How to Moderate Your Online Reviews
At this point in your business’ life, you probably have a good sense of your market. The next step is selecting and targeting your market on review sites.
If you don’t have the capacity to respond to much negative feedback, focus instead on comments left on heavy-hitter sites. Yelp, TripAdvisor and Expedia make up 62 percent of online travel review traffic.
Now, onto the specific data.
Baby Boomers
Baby boomers dominate the online review space. Customers aged 45 and over account for the heaviest traffic on travel review sites, and the sites they gravitate toward are not always the heavy hitters mentioned earlier. If baby boomers are your top customers, focus your game plan on Travelocity,, and While these platforms are more reservation portals than conventional review sites, each one allows users to leave comments on different accommodations, and these areas should be carefully monitored.
Generation X
The tendencies of this demographic are a split between baby boomers and millennials. Travelocity is the No. 1 site that Gen-Xers use for online reviews, with Priceline and next in line. This is a small but well-off part of the population, one that values having as much information as possible and receiving a truthful response from businesses.
Millennials are well represented across the major online review sites, with Yelp, Priceline and TripAdvisor being marginally more popular than the rest. However, because your consumers are spread out, your business should take a full and sweeping approach to address comments. We understand you can’t do everything, so specify a period for which you’ll go back and respond to feedback (i.e., respond to every comment from the past three months) and once you’re caught up, make it your mission to reply to feedback within a two-week period.
Generation Z
The market born between 1995 and 2014 may not have a lot of disposable income yet, but by 2020 these consumers will make up a whopping 40 percent of the market. Research found the 18-24 age range relies a lot less on online review sites, second only to age 64+ customers. This doesn’t mean you can skip online moderation altogether; it just means you have to do it on the platforms where these customers dwell: Instagram, Snapchat, and other social media networks. Make sure there is someone on your team who understands these platforms, how business feedback is shared (usually through hashtags), and knows how to respond to those comments.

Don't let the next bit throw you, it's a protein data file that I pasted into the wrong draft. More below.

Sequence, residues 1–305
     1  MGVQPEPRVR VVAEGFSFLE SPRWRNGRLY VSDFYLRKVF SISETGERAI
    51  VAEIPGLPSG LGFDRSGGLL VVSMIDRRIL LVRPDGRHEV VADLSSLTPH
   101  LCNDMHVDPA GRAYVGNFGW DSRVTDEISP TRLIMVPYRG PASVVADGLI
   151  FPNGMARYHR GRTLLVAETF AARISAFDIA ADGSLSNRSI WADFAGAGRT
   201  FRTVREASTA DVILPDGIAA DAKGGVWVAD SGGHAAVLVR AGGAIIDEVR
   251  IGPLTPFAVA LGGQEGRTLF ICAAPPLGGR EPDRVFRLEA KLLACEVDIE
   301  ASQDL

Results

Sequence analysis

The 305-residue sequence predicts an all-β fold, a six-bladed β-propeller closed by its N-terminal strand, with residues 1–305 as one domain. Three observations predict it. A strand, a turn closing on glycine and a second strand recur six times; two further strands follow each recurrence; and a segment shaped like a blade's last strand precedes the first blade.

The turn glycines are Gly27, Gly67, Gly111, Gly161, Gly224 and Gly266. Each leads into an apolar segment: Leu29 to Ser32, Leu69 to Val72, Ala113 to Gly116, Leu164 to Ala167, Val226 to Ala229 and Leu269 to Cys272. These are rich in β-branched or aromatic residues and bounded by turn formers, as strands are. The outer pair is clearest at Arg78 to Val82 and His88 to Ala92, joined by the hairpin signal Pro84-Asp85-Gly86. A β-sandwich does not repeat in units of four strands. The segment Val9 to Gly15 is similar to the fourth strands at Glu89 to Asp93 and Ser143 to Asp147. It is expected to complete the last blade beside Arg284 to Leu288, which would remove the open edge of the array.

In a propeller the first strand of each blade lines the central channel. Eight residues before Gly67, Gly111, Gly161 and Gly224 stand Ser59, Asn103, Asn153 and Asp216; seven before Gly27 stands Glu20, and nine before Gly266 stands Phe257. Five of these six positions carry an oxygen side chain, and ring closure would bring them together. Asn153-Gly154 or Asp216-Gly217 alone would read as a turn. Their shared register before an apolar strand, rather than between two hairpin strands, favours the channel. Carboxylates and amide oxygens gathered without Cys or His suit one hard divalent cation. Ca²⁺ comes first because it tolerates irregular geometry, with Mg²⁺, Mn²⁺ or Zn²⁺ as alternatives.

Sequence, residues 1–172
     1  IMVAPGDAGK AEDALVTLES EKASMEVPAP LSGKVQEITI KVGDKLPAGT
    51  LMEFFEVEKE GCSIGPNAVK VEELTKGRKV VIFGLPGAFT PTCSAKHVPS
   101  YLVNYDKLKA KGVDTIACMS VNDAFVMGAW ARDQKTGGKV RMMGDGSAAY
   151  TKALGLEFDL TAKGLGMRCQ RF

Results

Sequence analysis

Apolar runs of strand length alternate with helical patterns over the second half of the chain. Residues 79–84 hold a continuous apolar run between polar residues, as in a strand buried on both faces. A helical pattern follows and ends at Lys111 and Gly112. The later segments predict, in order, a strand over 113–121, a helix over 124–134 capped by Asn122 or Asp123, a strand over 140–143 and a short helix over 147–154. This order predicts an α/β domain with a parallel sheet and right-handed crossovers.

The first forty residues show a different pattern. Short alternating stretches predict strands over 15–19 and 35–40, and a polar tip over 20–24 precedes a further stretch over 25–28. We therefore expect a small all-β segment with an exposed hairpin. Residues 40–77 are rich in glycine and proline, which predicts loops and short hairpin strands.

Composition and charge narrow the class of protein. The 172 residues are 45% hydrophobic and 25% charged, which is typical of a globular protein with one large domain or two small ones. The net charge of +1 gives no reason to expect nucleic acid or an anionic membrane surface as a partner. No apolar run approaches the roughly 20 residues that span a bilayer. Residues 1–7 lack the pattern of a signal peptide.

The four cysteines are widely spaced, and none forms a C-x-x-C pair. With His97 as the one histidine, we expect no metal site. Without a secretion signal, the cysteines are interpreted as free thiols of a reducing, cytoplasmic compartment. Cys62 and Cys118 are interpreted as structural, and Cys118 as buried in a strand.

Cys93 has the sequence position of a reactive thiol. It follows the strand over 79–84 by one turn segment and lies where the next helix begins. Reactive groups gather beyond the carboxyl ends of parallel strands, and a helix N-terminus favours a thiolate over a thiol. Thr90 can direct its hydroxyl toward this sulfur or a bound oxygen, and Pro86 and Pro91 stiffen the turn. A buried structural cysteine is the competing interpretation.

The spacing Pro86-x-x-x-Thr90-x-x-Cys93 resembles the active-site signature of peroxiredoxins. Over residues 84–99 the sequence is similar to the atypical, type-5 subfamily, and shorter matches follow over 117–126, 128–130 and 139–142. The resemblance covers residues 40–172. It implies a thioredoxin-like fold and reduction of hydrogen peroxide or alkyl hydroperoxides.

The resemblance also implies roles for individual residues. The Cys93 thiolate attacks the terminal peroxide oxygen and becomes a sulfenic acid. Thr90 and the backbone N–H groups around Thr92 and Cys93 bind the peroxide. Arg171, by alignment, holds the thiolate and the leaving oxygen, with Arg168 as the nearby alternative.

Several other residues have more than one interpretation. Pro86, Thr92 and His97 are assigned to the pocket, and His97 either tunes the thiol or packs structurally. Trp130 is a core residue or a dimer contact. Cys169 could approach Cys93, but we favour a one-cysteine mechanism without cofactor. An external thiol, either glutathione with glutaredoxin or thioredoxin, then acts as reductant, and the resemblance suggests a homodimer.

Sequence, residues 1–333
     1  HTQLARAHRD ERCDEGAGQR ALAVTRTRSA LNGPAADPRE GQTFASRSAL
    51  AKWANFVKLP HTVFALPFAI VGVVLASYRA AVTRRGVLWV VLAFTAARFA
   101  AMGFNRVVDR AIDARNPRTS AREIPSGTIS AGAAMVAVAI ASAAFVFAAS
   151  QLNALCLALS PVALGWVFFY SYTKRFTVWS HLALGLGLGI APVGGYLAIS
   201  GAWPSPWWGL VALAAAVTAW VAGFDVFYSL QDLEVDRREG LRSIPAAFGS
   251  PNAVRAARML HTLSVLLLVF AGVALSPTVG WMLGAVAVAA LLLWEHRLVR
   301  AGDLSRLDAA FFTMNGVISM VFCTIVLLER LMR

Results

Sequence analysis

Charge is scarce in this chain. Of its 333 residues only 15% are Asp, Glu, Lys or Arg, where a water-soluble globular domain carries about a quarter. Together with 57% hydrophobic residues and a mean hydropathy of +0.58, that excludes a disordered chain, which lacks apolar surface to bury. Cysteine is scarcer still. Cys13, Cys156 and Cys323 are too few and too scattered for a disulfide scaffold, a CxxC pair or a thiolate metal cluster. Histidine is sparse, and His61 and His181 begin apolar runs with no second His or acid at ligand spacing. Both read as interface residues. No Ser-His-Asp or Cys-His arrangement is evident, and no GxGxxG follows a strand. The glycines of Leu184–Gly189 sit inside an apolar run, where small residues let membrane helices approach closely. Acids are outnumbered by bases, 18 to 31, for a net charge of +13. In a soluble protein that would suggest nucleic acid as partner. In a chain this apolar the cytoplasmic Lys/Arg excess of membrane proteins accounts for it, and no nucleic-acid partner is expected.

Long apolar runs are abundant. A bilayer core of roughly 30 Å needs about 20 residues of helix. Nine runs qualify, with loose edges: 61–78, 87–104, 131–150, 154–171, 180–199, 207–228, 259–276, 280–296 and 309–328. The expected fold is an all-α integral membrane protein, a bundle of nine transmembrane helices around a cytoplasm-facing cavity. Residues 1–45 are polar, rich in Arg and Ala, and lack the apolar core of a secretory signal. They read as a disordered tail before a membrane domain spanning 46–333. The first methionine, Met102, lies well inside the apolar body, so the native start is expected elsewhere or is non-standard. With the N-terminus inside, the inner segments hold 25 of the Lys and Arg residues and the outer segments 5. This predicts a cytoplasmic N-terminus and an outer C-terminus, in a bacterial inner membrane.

Some other interesting facts from our company’s research:
● Customers in the southern United States are 10 percent more likely to use online review sites than those in the rest of the country;
● Most consumers do their online research using only a PC, with smartphones as the second-place platform. (This is particularly the case for the online review sites listed as popular among baby boomers.)
Moderating online comments can be a full-time job. While customers respond best when feedback comes from a general manager or hotel owner, this is not always a task hoteliers can add to their plate. Train a trusted staff member to help moderate reviews and send flagged negative feedback your way.
Online reviews have a huge impact on your business, especially if you’re in a space with a great deal of competition. Moderating your online comments will present your best online self and grant you the opportunity to meet more customers in the real world.